ClimateWorks is a San Francisco based foundation whose mission is to support public policies that prevent dangerous climate change and promote global prosperity. This infographic about wlkable neighborhoods is part of a document called Planning Cities for People, which was prepared for the Chinese government. The document, which contains 8 research-based recommendations that lead to prosperous, low-carbon urban areas, uses richly illustrated maps and diagrams to present examples of street-grids that promote walking, prioritize bicycle networks, create mixed-use neighborhoods and support high-quality transit.
This is how you do walkability.
Creating walkable cities is tough when we’ve built an infrastructure that discourages walking. But it’s worth it.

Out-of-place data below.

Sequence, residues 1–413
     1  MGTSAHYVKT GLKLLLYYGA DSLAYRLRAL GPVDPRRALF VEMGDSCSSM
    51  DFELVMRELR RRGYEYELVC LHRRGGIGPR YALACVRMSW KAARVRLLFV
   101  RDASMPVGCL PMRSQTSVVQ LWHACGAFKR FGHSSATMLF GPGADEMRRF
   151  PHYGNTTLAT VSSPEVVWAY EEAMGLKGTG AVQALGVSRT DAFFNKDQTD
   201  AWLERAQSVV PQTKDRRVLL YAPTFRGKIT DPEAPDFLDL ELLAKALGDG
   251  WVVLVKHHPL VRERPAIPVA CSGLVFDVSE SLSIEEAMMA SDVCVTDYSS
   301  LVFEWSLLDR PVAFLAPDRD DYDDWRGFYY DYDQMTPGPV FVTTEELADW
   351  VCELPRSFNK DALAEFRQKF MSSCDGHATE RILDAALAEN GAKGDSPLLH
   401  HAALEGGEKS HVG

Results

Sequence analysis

You’re cooking dinner. You realize you’re missing a key ingredient – garlic for the pasta, let’s say, or lettuce for your salad. Something without which you can’t get the meal on the table. How long would it take you to walk to a store where you can buy it?
The heat maps can easily tell you how far away two points are at a glance, to let you know how long your walk is going to be.
"These maps show how long it takes to get everywhere else via walking and public transit," Hardin writes in an email. "This allows you to make some important comparisons, such as ‘if I move here, I can reach half the city in 50 minutes if I start at 8 a.m.’" His paper explains more of the technical details.
Space syntax and the modeling of walkability and urban pathways.
“The science is still growing, and the models are becoming more robust. Eventually, Stonor wants to map how space affects peoples’ social interactions. “How do the ways people know their neighbors vary with spatial layout?” he wonders.”